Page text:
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Octavio M. Alvídrez, Fresnillo Plc - CEO [36]

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Which one, sorry?

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Daniel Harry David Shaw, Morgan Stanley, Research Division - Research Analyst [37]

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On the bottom part. So yes, so on the bottom part you see it's standing at 25, is now 10 in percentage. Will you release some of that land or will you hold onto it. And if you hold onto it, does it cost you very much to retain...

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Octavio M. Alvídrez, Fresnillo Plc - CEO [38]

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For those prospects there is a very dynamic process for the ones on the bottom. Those very much we get to a decision of get them or releasing them with a view of prospecting in detail of our geologist teams. Those that are not interesting in the eyes of our geologists are released. And then after those that are interesting, we'll go to the following stage, which is budgeting some hunts to drill them. And that's the way very much. So the bottom part is a very dynamic, very much with the prospecting for the geologists in detail. And as you may recall, in previous year we had 2.5 million hectares of concessions in Mexico, and that is coming down to 1.8 million now. But on the contrary, we increased and grew in which 5 years from now or 6 years probably to now, we took a contrarian view on many of the mining companies in Peru, in which they were going out of Peru and we were entering, and we were able to get a good position in the exploration [there].

Okay. I would like to ask if there is a call of those on the phone line.

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Operator [39]

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We currently have 2 questions on the phone line, and the first one comes from the line of Justin Chan.

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Justin Chan, Numis Securities Limited, Research Division - Analyst [40]

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Just my first question's on the life of mine assumptions on Slide 31, where you show your life of mine all-in sustaining cost assumptions. For Fresnillo especially, there's a significant decrease. And my question is, is that based on reserve grade? And related to some of James Bell's questions earlier, you think you'll get to reserve grade in sort of the mid-2020s? Is that dependent on reducing dilution and hitting your mining targets? Or is that more geologic -- geologically driven, getting to different areas of the mine and the ore body?

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Octavio M. Alvídrez, Fresnillo Plc - CEO [41]

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Yes, it's one of the variables. The dilution, of course, and that's something that we are starting and better controlling and better defining what the objective of each one of the veins that we mine at a particular time. So that it is very important. And very much -- the other is the information we will -- we are getting and that we are dynamically every year upgrading into our reserve depending on the drilling that we do, on the mine development that we do on a yearly basis. And all of them -- and the sampling we do from production of stopes as well. All of that dynamically, and as it should be, is reflected in the new resource and reserve statement. But I can tell you, I mean depending on the mining plans that we have in '22, '23, '24 is when the -- we achieve the higher grades.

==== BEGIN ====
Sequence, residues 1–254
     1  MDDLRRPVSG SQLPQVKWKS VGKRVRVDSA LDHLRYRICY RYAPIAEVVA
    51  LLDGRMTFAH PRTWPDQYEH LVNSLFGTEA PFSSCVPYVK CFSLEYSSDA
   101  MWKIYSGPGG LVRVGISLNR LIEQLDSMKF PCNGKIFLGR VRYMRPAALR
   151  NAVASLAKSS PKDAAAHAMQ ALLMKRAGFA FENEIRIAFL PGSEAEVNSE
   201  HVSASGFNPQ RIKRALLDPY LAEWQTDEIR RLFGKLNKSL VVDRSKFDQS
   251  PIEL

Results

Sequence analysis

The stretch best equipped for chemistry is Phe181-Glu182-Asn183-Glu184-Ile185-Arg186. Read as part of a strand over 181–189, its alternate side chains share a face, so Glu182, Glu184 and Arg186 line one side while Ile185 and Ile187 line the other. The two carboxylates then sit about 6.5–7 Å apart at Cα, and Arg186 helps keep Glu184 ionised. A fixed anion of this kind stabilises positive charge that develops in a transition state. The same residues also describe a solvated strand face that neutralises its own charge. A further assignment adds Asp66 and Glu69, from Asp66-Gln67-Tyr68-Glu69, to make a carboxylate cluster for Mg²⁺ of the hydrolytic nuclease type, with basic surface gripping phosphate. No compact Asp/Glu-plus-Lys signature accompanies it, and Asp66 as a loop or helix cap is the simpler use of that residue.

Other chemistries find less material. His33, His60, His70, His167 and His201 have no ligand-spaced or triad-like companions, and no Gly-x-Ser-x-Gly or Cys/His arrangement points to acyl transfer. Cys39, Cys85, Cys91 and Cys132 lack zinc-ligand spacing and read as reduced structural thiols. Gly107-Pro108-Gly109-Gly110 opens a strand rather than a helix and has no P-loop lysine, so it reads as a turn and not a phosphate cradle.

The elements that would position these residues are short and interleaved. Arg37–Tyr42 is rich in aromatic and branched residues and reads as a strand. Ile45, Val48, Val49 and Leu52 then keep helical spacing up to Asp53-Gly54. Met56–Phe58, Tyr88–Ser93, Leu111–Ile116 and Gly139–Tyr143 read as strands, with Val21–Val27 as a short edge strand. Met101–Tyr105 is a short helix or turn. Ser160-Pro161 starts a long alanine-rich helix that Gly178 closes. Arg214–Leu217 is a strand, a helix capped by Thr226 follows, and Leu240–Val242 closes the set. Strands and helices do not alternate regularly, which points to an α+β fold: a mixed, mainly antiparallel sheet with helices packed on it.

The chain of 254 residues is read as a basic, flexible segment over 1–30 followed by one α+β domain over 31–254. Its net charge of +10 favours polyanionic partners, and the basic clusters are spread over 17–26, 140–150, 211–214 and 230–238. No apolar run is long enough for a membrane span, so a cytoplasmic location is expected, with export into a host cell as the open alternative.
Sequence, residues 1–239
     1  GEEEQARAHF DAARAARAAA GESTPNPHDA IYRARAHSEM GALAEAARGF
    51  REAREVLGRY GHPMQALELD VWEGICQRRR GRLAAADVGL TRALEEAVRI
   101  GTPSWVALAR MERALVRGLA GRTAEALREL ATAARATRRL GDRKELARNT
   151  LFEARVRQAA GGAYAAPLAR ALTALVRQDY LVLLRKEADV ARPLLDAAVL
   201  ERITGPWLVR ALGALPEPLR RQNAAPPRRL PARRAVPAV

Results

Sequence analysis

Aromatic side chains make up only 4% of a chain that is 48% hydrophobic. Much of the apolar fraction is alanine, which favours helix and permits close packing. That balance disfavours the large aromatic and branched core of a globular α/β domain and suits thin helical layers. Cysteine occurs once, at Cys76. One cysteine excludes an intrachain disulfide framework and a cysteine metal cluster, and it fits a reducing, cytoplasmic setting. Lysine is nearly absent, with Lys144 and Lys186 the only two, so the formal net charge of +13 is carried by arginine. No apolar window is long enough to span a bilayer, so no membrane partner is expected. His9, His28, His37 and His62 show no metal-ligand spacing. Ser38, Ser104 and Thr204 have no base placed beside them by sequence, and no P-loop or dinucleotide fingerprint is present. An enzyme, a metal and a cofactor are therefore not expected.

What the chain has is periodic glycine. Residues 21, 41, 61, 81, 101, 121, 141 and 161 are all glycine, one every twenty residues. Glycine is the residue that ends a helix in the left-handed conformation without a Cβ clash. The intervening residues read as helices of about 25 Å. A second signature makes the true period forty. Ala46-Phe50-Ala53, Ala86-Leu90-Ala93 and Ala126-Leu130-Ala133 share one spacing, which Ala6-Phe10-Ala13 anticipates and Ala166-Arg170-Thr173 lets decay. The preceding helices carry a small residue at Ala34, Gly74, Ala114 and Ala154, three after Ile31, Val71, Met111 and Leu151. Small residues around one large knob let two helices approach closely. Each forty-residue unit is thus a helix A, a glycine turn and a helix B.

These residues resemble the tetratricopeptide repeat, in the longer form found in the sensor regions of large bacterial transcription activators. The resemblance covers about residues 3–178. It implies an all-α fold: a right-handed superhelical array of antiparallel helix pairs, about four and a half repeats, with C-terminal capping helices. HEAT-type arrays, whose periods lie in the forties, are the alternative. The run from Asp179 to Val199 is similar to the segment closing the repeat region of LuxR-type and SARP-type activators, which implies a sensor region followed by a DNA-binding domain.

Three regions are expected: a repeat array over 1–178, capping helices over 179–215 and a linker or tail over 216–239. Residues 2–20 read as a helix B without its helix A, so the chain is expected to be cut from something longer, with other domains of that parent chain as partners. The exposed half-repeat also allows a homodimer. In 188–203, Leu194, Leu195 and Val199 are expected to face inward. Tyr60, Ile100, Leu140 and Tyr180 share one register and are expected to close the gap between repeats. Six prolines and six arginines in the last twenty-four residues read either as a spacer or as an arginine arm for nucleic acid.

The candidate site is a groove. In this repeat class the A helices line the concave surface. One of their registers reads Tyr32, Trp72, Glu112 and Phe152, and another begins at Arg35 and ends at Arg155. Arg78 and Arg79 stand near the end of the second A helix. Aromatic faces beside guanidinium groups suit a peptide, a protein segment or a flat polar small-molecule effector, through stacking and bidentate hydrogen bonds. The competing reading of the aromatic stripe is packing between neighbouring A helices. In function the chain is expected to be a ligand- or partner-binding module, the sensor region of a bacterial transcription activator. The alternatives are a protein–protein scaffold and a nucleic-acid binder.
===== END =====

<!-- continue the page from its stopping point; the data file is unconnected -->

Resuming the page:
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Justin Chan, Numis Securities Limited, Research Division - Analyst [42]

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Okay. And the life of mine all-in sustaining sort of guidance number of 4 70 an ounce, that's based on reserve grade primarily through the life of mine?

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Octavio M. Alvídrez, Fresnillo Plc - CEO [43]

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It takes on all of the reserve grade and also part of the resource that we have, considering when we turn that into reserve, it's all of the investment and expense that we have to do in the mine life.

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Justin Chan, Numis Securities Limited, Research Division - Analyst [44]

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Okay. That's quite helpful. And just my second one is on Herradura and the stripping ratio. I realize that a big portion of it is because you expense all of it rather than capitalize some of it. But in terms of the absolute profile or the absolute amount of stripping, could you give a sense on what that profile looks like in the next, call it, 5 years? Are you currently in a high period? Or is it relatively stable?

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Octavio M. Alvídrez, Fresnillo Plc - CEO [45]

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Well, last year, we were doing 3.65, 3.66 stripping ratio. This year, and we moved approximately, from memory, 128 million tonnes. This year, we are at 4.5, 4.6 approximately. And what I can tell you from the current projection, that can change, of course, depending on the year-end reserve. In 2021, we could go higher than that stripping ratio.

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Justin Chan, Numis Securities Limited, Research Division - Analyst [46]

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Okay. And sort of in the medium-term profile, is that ratio likely to increase moderately every year? Or are you reducing it as you go deeper?

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Octavio M. Alvídrez, Fresnillo Plc - CEO [47]

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As general, I yearly would increase. And then later on in the mine life, it would decrease. The average stripping ratio, I don't know, Mario, do you recall it?